So, instead of February… it is now December, and I am waiting.  Waiting to have the fate of my spleen determined.

Well meaning people say to me, “Don’t worry – you can live without your spleen.”

Sometimes well meaning people should smile and nod more, and speak less.

Yes, I KNOW I can LIVE without my spleen.  You can also LIVE without your boobs, your uterus, your cervix and your ovaries.  You can LIVE without your gall bladder, and your appendix, and your thyroid, and one kidney, and part of your liver or lung too.  But, just because you CAN do something, doesn’t mean you should.

I am thinking of asking for a fake fish for Christmas.  One that will remind me I have been gutted like a fish this year.  One that will also remind me that, no matter how many body parts they take, you have to KEEP SWIMMING!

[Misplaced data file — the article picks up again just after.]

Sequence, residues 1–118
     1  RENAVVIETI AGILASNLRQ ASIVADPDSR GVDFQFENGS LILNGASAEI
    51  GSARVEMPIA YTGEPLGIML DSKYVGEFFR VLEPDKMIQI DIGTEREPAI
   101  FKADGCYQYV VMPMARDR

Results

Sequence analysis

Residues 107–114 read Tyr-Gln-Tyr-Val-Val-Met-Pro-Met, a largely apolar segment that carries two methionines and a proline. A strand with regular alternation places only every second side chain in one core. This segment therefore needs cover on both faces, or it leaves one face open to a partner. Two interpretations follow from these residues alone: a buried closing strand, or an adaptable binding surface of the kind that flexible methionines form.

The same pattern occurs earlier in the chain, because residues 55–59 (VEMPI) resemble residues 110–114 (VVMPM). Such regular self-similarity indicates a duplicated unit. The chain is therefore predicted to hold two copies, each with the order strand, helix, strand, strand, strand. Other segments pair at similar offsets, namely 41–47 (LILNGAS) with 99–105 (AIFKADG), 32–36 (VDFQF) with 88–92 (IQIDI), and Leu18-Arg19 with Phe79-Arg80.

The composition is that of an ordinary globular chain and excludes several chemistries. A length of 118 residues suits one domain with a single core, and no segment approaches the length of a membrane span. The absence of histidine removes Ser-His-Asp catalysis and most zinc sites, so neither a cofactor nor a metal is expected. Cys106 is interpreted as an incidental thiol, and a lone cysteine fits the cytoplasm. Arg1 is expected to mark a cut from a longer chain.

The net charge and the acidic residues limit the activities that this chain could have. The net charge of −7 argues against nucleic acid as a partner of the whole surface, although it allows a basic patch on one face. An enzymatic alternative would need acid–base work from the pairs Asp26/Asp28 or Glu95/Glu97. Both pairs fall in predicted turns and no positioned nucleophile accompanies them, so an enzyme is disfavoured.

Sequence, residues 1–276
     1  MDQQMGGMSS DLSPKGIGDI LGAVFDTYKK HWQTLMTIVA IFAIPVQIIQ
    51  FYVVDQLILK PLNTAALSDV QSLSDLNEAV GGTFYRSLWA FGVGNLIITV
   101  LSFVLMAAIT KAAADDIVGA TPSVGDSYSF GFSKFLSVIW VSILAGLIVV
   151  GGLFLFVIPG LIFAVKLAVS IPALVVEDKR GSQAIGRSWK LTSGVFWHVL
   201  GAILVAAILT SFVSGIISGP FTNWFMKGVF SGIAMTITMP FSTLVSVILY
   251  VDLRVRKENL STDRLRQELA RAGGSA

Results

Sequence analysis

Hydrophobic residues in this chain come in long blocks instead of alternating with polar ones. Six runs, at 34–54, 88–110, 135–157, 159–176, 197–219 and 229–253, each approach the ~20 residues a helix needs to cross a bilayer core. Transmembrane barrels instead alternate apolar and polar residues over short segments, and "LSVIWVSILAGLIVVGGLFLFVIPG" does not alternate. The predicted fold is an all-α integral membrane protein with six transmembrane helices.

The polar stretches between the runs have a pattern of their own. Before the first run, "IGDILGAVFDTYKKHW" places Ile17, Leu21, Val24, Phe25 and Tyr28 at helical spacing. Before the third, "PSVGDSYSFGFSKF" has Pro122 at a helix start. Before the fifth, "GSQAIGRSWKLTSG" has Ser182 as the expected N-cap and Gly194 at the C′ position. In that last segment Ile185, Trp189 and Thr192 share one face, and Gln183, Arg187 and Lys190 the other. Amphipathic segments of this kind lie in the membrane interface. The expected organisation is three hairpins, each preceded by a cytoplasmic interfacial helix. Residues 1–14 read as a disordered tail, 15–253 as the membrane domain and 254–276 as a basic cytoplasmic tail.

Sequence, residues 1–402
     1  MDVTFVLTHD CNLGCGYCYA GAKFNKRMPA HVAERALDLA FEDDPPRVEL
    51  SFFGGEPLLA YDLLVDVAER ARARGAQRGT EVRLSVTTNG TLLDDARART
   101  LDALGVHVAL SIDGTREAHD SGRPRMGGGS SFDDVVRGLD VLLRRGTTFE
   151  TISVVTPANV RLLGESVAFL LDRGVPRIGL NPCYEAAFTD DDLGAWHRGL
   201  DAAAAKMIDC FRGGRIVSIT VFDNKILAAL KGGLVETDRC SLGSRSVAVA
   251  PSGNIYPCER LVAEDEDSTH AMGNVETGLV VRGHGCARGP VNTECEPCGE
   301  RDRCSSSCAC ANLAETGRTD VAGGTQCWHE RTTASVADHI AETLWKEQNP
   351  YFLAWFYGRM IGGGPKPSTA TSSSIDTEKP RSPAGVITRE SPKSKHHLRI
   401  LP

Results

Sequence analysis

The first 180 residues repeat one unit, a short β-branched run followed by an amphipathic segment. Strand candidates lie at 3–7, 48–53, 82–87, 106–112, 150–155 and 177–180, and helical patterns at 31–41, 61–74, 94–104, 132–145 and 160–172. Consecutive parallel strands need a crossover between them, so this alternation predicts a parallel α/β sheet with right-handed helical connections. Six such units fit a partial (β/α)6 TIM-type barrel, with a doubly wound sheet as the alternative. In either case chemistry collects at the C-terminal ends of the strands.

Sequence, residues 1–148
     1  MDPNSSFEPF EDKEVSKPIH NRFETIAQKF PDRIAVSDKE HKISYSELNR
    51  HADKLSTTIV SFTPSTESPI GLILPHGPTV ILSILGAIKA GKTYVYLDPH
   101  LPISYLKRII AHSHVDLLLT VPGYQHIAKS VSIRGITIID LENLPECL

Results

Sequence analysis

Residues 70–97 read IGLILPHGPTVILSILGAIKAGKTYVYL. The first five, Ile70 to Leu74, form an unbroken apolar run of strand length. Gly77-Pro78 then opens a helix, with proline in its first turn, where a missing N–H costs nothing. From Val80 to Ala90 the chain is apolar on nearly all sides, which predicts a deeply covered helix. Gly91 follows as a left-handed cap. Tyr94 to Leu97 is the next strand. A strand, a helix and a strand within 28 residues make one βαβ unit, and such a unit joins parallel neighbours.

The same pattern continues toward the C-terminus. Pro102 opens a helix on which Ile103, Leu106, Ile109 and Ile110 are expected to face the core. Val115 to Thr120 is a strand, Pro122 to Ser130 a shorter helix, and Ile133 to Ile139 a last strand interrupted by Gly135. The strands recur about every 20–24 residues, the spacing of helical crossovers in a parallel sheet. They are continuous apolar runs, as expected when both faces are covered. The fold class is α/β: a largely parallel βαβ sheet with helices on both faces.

keep swimming

Monday or Tuesday I will talk to a doctor about my spleen.  I would love to keep it.  I just think we have gotten along nicely for the last 39 years.  And, its mine.  But, I will listen to the doctors (after I ask them EVERY hard question I have,) and I will do what is best, and safest.

Heck, I didn’t go through all of this past year to be beaten by my spleen….

Whose afraid on an MRI? Not me – practice makes perfect!

MRI

So as I was positioned to be rolled into the MRI tube today, I realized my heart wasn’t even racing.  Not that I ENJOY an MRI, it’s just they have become so familiar that they no longer provoke the anxiety they used to.  I have held onto Meghan‘s shoulder through countless knee MRIs, and this past year have had quite a few of my own.